Andy Hertig '57 receives Founders' Day Award

Retired history instructor honored for his lifelong service to Exeter.

Sarah Pruitt '95
May 20, 2022

Andy Hertig ’57 made an impact on the Academy as a student, as an influential instructor and as the father of three Exeter graduates. Friday, that influence was recognized when he was awarded the 2022 Founders’ Day Award at an all-school assembly.

An instructor in the History Department from 1968 to 2013, Hertig also served as department chair, two-time director of the Washington Intern Program, longtime dorm head of Wheelwright Hall and dean of faculty. As a respected leader among his colleagues, Hertig steered efforts to equalize workload across departments and pioneered the step system to make faculty compensation fairer and more transparent.

“Your humility, integrity and steadfast belief in the importance of the faculty voice helped shape the Academy’s faculty into a true community, governed by civility, respect and a sense of utmost care for one another,” said General Alumni Association President Janney Wilson '83 when delivering the award citation.

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Over the course of his career, Hertig received such major faculty awards as the Rupert Radford Faculty Fellowship Award, the Brown Family Faculty Award and the George S. Heyer Award. Parent to three Exonians from the classes of 1983, 1986 and 1988, he is an honorary member of the classes of 1931, 1969 and 1983.

“It has been said that if one likes one’s job, it’s not really work, and I think that generalization applies to me," Hertig said in his opening remarks. “To have such supportive colleagues, who stimulated my thinking, improved my teaching and encouraged me to embrace new opportunities, was indeed a privilege.”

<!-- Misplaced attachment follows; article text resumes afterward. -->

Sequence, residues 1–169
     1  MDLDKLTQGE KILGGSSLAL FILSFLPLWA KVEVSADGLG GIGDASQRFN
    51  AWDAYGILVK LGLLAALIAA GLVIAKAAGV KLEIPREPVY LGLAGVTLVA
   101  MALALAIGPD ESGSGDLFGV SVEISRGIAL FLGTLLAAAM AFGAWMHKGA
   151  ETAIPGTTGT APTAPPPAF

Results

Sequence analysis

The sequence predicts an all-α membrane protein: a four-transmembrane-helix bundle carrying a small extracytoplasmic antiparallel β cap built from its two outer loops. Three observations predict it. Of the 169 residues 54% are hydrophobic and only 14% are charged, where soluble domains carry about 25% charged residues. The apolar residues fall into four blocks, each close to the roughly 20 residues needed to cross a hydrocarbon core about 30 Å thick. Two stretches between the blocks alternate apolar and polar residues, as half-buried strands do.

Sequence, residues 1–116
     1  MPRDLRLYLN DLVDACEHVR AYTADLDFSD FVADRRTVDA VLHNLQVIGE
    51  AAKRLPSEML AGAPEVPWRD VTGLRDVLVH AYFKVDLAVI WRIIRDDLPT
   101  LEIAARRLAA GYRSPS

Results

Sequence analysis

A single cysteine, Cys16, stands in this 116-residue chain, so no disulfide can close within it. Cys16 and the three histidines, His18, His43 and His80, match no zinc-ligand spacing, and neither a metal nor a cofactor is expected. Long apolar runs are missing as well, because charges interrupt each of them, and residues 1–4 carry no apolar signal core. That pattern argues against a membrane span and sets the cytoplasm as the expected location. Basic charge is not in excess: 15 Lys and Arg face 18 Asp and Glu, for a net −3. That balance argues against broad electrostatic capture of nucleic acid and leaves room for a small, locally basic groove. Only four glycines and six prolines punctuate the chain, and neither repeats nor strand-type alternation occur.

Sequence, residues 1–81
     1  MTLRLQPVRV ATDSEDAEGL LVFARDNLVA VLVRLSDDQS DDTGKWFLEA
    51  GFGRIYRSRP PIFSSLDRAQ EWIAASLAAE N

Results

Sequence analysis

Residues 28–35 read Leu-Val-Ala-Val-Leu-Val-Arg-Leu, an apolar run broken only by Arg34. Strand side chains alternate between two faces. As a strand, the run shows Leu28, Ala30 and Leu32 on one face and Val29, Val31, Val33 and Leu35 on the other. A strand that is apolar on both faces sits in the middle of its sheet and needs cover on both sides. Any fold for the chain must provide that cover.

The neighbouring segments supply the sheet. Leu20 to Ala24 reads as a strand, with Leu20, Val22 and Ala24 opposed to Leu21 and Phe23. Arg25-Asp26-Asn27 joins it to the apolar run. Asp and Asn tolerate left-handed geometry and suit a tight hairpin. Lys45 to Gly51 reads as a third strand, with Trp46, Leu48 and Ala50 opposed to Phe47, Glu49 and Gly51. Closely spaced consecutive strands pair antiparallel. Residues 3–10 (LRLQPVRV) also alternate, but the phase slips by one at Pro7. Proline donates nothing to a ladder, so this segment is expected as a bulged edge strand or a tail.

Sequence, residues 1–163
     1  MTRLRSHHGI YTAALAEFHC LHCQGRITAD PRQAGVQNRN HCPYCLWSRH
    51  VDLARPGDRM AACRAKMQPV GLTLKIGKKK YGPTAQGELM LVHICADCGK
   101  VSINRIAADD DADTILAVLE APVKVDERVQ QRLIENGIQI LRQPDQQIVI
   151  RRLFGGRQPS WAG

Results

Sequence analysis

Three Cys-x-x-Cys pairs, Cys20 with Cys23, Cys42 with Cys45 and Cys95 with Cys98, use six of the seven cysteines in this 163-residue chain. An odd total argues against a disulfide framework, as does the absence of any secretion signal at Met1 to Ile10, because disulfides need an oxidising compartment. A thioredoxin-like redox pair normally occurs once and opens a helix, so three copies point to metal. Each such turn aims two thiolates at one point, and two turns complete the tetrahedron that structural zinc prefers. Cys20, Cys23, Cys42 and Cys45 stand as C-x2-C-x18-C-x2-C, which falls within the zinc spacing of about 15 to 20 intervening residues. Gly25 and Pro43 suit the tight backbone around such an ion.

Even more important, Hertig stressed, were the “literally thousands” of students he encountered during his long career. “Their eagerness to learn and tackle the challenges of adolescence inspired me on a daily basis,” he said.

Returning to Exeter

Hertig spoke of his childhood in the Boston suburb of Winchester, and his mixed reaction to his parents’ decision to send him to an all-boys boarding school. He arrived at Exeter as a new upper in 1955, and didn’t particularly enjoy his experience. “I am not athletic nor especially gregarious … and I spent most of my time coping with the workload,” he said. “If you had told me I would spend most of my adult life here, I would have been dismayed, to say the least.”

After graduating from Harvard and serving in the U.S. Army, Hertig entered a Ph.D. program in history at Berkeley, where he was ostensibly preparing for a career teaching at the college level. “I recognized that I was unlikely to find a job at an institution with students as interesting as at Exeter,” Hertig recalled. “So, I returned…and the students met my every expectation.”

In the History Department, Hertig took on the task of shaping the course on Ancient Greece, delighting in drawing parallels between The Odyssey and modern-day life. He and other colleagues also developed a course called “War and Peace,” which used lessons of past conflicts to inform students’ understandings of present ones; it remains on the curriculum today, as HIS508: Understanding Violence, War and Peace.